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High-tech device that detects breast cancer wins Product of the Year nod

By KEVIN LANDRIGAN
New Hampshire Union Leader

October 12. 2017 9:24PM
Diane Clifford, director of marketing for iCAD, Inc., explains the Powerlook Tomo Detection product, which won Product of the Year Thursdayfrom the New Hampshire High Tech Council. (THOMAS ROY/UNION LEADER)

The state-of-the-art leader in saving time, money and lives through breast cancer detection won the 2017 Product of the Year in the 12th annual competition of the New Hampshire High Technology Council.

iCAD Inc. of Nashua made the Powerlook Tomo Detection, which allows radiologists to pore through hundreds of images quickly and accurately and detect breast cancer using three dimensional mammography or tomosynthesis technology.

“iCAD revolutionizes the read for radiologists,” said Diane Clifford, the company’s director of marketing.

The announcement came at the Manchester Country Club in Bedford after the five finalists gave presentations of their innovations; the audience went online in real time to vote.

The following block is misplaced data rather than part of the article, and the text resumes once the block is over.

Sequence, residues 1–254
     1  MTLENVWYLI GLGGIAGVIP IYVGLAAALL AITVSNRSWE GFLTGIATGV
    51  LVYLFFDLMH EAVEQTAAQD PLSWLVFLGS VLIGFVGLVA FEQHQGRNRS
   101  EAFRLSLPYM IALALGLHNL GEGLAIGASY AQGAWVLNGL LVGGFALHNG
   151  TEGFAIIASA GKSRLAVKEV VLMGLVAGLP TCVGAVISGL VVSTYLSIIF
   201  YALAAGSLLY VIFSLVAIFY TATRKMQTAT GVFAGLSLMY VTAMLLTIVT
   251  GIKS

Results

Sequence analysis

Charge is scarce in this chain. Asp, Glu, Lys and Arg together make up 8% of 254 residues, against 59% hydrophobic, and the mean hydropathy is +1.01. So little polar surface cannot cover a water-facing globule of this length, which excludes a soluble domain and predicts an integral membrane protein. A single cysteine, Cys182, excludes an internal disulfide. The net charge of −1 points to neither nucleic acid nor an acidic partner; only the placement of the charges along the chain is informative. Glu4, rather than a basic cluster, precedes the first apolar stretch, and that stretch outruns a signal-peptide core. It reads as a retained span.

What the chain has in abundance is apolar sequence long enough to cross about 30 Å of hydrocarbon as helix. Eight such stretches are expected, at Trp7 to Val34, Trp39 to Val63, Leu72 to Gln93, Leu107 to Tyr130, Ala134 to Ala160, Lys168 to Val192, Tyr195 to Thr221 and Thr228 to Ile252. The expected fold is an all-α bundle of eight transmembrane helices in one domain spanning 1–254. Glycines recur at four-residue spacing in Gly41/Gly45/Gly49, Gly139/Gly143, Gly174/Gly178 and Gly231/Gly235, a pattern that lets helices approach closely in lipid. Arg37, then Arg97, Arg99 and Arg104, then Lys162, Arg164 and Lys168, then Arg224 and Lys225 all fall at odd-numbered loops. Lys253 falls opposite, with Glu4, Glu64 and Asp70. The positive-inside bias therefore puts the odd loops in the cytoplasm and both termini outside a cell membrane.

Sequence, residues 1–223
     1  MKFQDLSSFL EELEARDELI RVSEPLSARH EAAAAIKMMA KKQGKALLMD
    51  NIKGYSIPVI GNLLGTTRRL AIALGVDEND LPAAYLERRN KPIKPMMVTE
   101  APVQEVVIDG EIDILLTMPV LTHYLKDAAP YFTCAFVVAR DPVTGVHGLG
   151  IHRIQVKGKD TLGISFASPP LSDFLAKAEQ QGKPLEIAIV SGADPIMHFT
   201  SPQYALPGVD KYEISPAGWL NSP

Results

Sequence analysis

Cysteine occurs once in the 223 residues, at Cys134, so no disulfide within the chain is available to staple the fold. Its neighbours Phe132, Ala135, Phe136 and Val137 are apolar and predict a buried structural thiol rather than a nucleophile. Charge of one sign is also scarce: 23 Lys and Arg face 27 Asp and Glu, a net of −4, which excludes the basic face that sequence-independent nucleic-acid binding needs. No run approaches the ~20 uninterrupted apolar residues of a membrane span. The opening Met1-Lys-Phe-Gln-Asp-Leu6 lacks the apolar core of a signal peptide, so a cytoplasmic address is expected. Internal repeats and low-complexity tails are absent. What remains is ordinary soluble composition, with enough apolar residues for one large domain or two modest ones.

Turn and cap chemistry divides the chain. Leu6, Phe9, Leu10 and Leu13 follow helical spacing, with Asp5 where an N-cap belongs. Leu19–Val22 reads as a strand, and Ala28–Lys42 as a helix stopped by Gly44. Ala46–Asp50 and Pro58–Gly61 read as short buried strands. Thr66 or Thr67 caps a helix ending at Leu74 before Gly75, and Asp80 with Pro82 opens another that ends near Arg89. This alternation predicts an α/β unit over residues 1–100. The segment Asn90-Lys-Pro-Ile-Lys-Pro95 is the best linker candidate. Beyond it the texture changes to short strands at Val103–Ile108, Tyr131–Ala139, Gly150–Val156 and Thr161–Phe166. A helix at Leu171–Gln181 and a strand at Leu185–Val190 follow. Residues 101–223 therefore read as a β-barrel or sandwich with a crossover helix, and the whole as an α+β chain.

“This was really a very competitive group of diverse companies. I seriously could have seen any of them winning this,” said Matthew Cookson, executive director of the New Hampshire High Technology Council.

iCAD’s winning product will be featured in a display at the I-93 South Welcome Center in Hooksett.

A five-person panel of judges, including New Hampshire Union Leader Business Editor Mike Cote, selected the five finalists.

They included:

• The Wagz Smart Dog Collar: Dover-based Wagz.

It’s an all-in-one smart collar that tracks activity, fitness, barking, location and temperature and can be used with an owner’s smartphone app.

• The Lightweight Carbon Fiber Assault Ladder: Hooksett-based Pilot Innovations. an advanced composites company.

This telescoping ladder weighs only 18 pounds, extends from 28 inches to 18 feet in under 20 seconds and is built for use by the military.

• Motion Surface banknote security: Crane Currency at the Boston company’s research and development center and production plant in Nashua.

Embedded into the $100 bill will be three-dimensional effects to ensure authenticity which with a blue polymer makes it easy to determine whether the paper bill is genuine.

• The DevKit: Bedford-based Vybe Software.

This enables users with no programming experience to create mobile apps and games from iPhones and iPads without having to write any code.

klandrigan@unionleader.com


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